Beyond the Work of One
24 May – 1 November 2008
College libraries in Oxford grew up before the University’s libraries, and remain independent. They have depended upon benefactors since the first colleges were founded in the 13th century, when books were copied by hand and very expensive. There was competition to create well-stocked libraries, and college members were encouraged to donate works on the University curriculum.
From the late 15th century, when printing increased the availability of books, individual scholars could form important research collections, for which college libraries made ideal homes. Former students might also present to their colleges copies of their own works.
The 17th and 18th centuries saw gifts of magnificent collections of manuscripts, printed books, music, prints and drawings valued for their beauty, antiquity, and associations; and great library buildings were designed to house them.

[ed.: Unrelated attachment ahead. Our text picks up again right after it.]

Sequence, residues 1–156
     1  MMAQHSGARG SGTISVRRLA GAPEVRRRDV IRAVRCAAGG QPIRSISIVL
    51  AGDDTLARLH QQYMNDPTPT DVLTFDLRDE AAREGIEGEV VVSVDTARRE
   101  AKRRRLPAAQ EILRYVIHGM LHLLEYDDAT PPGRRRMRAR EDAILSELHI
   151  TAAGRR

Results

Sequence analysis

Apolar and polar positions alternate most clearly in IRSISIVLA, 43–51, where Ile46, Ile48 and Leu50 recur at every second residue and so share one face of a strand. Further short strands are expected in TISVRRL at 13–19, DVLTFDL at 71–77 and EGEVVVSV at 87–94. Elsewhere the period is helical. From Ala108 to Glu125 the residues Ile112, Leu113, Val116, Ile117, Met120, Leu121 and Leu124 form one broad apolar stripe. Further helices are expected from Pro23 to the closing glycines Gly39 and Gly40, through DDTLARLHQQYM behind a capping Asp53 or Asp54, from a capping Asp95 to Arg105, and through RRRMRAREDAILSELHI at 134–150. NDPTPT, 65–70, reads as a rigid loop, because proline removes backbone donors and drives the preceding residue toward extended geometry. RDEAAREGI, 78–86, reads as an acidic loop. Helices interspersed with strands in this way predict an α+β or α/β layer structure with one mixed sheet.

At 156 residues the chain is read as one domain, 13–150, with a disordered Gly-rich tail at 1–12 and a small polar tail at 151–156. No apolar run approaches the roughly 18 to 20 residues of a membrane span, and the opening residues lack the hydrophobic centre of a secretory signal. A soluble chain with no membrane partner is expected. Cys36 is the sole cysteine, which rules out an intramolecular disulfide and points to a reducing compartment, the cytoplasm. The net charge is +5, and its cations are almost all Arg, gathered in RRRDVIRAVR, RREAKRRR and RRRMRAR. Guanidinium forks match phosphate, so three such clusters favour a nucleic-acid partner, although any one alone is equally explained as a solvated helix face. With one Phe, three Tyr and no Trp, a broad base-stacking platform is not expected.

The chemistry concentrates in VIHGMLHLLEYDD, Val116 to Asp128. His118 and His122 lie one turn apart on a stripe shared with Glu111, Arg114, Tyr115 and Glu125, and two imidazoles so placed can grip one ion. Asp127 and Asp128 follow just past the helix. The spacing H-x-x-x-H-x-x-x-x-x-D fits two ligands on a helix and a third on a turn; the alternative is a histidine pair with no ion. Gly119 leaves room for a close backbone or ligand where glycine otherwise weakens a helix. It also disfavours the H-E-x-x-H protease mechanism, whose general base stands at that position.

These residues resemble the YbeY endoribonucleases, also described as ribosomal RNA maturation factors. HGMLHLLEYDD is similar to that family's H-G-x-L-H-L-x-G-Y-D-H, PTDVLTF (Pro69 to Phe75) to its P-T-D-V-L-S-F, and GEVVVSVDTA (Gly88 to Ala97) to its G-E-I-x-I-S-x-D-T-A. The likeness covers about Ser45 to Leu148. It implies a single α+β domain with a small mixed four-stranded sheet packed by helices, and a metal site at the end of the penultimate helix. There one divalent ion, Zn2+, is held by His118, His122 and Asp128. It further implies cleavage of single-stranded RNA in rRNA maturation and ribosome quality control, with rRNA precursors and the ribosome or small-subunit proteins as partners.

Such gifts continued in the 19th and 20th centuries. As authors’ and creators’ working drafts came to be valued, colleges received gifts from poets, writers and composers, as well as contemporary papers of historical importance, and memorabilia of life in college.
(Follow the links from ">Themes" on the left to see items from the exhibition.)